PRE-OPERATIVE LOWER EXTREMITY INSTRUCTIONS
You are scheduled to have surgery on your lower extremity. Legs and feet generally take
longer to heal than any other part of the body. Following surgery, it is very important to
decrease your activity so that your wound can heal properly.
For 1-2 weeks after your surgery you will need to limit your activity. You will need to
spend most of your time with your surgical leg or foot elevated in a recliner or on the
sofa. You can get up for short periods of time and to use the restroom. You may need to
have someone help you with your daily activities for a few days.
After the first couple of weeks, you will be able to increase your activity by 25% each
week until you are back to normal which usually takes 4-5 weeks. It is still important to
keep your leg elevated often and to wear an ace wrap or compression stocking during the
day until fully healed.
Depending on what type of work you do, you may need to be off work for one or more
weeks. We realize these restrictions may be difficult to do, but following these
instructions will aid in the success of your healing. Returning to your regular activity too
soon can attribute to having problems with infection, scarring, dehiscence (wound
opening up) or a chronic wound that takes several weeks or months to heal.
Prior to surgery, we ask that you purchase knee high compression stockings (15-20 or 20-
30 mm Hg) at your local pharmacy. Follow the package instructions for sizing. You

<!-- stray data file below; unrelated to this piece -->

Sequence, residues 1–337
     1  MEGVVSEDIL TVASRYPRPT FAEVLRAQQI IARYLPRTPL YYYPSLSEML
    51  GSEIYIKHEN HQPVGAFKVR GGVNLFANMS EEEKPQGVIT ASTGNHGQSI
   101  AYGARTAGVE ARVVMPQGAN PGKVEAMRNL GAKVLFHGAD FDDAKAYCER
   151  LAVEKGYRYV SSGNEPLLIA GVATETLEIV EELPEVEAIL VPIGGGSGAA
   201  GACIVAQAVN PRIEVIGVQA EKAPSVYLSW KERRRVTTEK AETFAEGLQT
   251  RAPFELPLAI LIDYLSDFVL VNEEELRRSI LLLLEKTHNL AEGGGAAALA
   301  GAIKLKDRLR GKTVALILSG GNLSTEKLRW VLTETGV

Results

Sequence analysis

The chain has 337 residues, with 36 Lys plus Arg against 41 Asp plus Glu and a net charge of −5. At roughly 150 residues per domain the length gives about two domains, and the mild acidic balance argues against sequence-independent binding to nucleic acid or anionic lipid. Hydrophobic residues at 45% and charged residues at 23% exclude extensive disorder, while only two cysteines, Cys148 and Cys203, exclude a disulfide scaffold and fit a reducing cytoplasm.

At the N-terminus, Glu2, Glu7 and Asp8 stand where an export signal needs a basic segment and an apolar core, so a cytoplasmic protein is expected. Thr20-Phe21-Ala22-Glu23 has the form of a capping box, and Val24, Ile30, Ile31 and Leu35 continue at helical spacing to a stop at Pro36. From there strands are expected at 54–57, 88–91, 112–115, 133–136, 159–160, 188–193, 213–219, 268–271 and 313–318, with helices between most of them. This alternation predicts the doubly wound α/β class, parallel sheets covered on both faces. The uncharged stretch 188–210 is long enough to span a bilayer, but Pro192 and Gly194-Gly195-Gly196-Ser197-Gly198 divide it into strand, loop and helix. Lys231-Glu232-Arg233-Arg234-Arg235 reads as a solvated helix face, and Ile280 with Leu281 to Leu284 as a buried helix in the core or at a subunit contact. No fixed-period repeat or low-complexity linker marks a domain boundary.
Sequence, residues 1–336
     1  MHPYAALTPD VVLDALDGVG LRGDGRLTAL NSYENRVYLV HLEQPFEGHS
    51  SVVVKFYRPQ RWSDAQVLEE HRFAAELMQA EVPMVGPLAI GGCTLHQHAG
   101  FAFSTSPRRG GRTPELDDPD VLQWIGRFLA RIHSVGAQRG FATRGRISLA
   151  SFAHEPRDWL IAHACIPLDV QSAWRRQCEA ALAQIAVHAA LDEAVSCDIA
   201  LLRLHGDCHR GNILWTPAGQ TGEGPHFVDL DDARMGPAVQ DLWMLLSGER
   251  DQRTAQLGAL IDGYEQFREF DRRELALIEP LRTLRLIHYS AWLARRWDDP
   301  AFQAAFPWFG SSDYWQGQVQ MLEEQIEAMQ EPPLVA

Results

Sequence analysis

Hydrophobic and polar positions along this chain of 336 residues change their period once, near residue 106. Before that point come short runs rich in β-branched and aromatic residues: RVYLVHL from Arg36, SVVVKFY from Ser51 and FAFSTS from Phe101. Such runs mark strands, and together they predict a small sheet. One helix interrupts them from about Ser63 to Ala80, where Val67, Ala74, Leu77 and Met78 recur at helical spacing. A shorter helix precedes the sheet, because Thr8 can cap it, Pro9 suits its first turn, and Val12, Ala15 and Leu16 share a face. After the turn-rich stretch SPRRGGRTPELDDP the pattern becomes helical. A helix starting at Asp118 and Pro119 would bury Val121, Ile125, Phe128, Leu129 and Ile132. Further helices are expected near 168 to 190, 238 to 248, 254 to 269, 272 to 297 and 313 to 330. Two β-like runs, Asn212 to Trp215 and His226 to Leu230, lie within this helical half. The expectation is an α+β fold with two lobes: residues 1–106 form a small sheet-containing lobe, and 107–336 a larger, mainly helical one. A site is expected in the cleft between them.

may also be measured for stockings at UW Health Care Wear if ordered by your primary
doctor. Medicare and other insurance companies may not cover this cost. An ace wrap
may be used if stockings are not obtained.
Please call our clinic if there are any concerns or questions.
UW Health West Clinic UW Health East Clinic UW Health 1 South Park
451 Junction Road 5249 Terrace Drive 1 S. Park Street
Madison, WI 53717 Madison, WI 53718 Madison, WI 53715
608-263-6226 608-265-1288 608-287-2450
800-323-8942 800-323-8942 800-323-8942
Your health care team may have given you this information as part of your care. If so, please use it and call
if you have any questions. If this information was not given to you as part of your care, please check with
your doctor. This is not medical advice. This is not to be used for diagnosis or treatment of any medical
condition. Because each person’s health needs are different, you should talk with your doctor or others on
your health care team when using this information. If you have an emergency, please call 911.
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by the Department of Nursing HF#7554